At A Glance
· Globally some 140 billion cubic meters of natural gas are being flared and vented each year, equivalent to approximately 30 percent of the European Union’s annual gas consumption.
· Burning natural gas, or “flaring” it, is a method of disposing of excess natural gas associated with oil production. Flaring, however, wastes a valuable clean energy resource and emits carbon dioxide, a greenhouse gas. Some 400 million tons of CO2 are emitted annually in this way.
· Satellite data on global gas flaring, which is a joint effort between GGFR and the US National Oceanic and Atmospheric Administration (NOAA), show that overall efforts to reduce gas flaring are paying off. Flaring of gas associated with oil production has dropped worldwide by almost 20 percent: from 172 billion cubic meters (bcm) in 2005 to 140 bcm in 2011, according to latest satellite estimates.
· The GGFR partnership, a public-private initiative led by the World Bank Group, facilitates and supports national efforts to use currently flared gas. It does this by promoting effective regulatory frameworks and tackling the constraints on gas utilization, such as insufficient infrastructure and poor access to local and international energy markets, particularly in developing countries.
· 2012 marks the 10th year anniversary since the GGFR partnership was launched at the World Summit on Sustainable Development in Johannesburg. Over this period of time some 85 million tons of CO2 emissions from flaring have been reduced, roughly equivalent to taking 16 million cars off the road.
· GGFR partners are preparing to scale up their flaring reduction efforts for the period 2013-2015, focusing on helping countries develop gas markets and gas infrastructure, particularly to expand access to cleaner electricity and cooking fuels.
· Poverty reduction also is an integral part of the GGFR program, which is developing concepts for how local communities close to the flaring sites can use natural gas that may otherwise be flared and wasted. The program has already evaluated opportunities for small-scale gas utilization in several countries.
A Collaborative Global Standard
GGFR partners have also established a collaborative Global Standard for gas flaring reduction. This Global Standard provides a framework for governments, companies, and other key stakeholders to consult with each other, take collaborative actions, expand project boundaries, and reduce barriers to associated gas utilization. GGFR partners that have endorsed the Global Standard are committed to no flaring in new projects unless there are no feasible alternatives.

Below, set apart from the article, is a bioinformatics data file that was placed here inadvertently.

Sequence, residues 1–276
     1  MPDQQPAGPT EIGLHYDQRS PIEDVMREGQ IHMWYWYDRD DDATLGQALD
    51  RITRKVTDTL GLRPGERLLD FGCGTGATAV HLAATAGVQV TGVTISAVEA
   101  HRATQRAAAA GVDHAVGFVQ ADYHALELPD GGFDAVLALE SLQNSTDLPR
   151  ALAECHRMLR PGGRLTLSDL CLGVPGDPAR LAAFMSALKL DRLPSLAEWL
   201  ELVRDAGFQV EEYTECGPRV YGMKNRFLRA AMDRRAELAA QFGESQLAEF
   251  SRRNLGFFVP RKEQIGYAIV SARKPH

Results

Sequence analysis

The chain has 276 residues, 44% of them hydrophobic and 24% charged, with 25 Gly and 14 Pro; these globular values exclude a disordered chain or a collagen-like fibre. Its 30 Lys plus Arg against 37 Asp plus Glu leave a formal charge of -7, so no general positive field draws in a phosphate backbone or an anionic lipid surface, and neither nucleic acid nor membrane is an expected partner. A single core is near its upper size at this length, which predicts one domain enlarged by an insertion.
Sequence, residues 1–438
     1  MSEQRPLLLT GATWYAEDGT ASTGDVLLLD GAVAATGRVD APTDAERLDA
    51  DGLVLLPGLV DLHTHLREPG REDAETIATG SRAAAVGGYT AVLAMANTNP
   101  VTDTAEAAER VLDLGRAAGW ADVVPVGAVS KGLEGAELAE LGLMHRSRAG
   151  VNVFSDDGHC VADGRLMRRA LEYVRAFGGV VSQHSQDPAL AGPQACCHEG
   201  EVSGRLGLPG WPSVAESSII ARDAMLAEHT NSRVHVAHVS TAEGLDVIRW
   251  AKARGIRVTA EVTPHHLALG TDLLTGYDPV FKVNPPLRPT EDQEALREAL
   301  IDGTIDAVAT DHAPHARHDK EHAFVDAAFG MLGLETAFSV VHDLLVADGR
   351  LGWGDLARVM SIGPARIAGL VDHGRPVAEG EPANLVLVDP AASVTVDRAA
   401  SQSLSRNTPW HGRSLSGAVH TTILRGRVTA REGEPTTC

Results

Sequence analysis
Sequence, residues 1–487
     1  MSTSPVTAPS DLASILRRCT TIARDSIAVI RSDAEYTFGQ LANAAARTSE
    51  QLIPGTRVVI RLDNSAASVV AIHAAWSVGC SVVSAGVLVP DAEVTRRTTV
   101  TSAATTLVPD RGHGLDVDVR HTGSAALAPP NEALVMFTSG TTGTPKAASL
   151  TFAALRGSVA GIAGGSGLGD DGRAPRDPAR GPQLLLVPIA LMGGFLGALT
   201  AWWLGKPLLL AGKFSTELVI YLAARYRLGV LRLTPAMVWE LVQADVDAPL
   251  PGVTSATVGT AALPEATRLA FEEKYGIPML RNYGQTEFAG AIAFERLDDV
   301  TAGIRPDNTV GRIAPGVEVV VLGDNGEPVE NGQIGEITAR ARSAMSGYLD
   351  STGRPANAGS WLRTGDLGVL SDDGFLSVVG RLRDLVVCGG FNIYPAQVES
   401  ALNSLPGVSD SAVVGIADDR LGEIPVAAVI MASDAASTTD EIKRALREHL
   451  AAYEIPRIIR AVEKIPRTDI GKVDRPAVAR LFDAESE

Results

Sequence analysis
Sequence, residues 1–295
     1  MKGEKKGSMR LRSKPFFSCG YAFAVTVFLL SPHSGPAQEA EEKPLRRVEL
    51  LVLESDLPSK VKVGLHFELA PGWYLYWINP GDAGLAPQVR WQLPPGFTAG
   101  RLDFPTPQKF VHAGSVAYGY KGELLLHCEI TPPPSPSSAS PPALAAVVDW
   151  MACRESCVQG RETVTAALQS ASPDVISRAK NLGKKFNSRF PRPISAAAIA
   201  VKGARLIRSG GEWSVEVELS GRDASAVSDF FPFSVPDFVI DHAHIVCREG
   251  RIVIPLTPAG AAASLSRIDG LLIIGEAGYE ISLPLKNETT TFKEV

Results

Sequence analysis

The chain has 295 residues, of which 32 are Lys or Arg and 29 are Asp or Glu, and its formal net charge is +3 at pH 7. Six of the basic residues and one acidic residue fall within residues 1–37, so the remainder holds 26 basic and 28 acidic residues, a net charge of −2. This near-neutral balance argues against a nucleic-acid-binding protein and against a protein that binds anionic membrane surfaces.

The goal of GGFR is to help overcome the barriers to gas utilization so partners can unlock the value of currently wasted natural gas to improve energy efficiency, expand access to energy, and contribute to climate change mitigation hence promoting sustainable development.
Developing countries face important barriers to reducing gas flaring, including:
- Limited access to international gas markets as well as local markets
- A lack of financing to put the necessary infrastructure in place
- An undeveloped regulatory framework
GGFR focuses on four key areas to overcome the barriers to gas flaring reduction:
- Commercialization of associated gas
- Regulations for associated gas
- Implementation of the global flaring and venting reduction standard
- Capacity building to obtain carbon financing for flaring and venting reduction projects
Main achievements by GGFR include:
- Raised global awareness and understanding of gas flaring and venting issues
- Improved data gathering using satellite imaging to monitor and measure worldwide flaring
- New regulations on gas flaring in several countries
- Gas flaring reduction plans under way in various countries
- Identification and development of gas utilization projects
- Improved understanding of, and dialogue on, carbon finance mechanisms for flaring reduction
- Assistance to Indonesia, Kazakhstan, Mexico, Nigeria, Qatar, Russia and other countries to reduce flaring to minimum levels, through increased collaboration among operators, the national oil company and the regulator
Background on GGFR: Launched at the World Summit on Sustainable Development in August 2002, the GGFR public-private partnership convenes representatives of governments of oil-producing countries, state-owned companies and major international oil companies so that, together, they can overcome the barriers to reducing gas flaring by sharing global best practices and implementing country specific programs.
GGFR partners include: Algeria (Sonatrach), Angola (Sonangol), Azerbaijan, Cameroon (SNH), France, Gabon, Indonesia, Iraq, Kazakhstan, Khanty-Mansijsysk (Russia), Kuwait, Mexico (SENER), Nigeria, Norway, Qatar, the United States (DOE) and Uzbekistan; BP, Chevron, ConocoPhillips, ENI, ExxonMobil, Kuwait Oil Company, Marathon Oil, Maersk Oil & Gas, Pemex, Qatar Petroleum, Shell, SOCAR, Statoil, TOTAL, Uzbekneftegas; European Union, the European Bank for Reconstruction and Development, the World Bank Group; Associated partner: Wärtsilä.
For more information, visit: www.worldbank.org/ggfr
Mauricio Ríos: (202) 458-2458, firstname.lastname@example.org
Christopher Neal: (202) 473-2049, email@example.com
Updated September 2012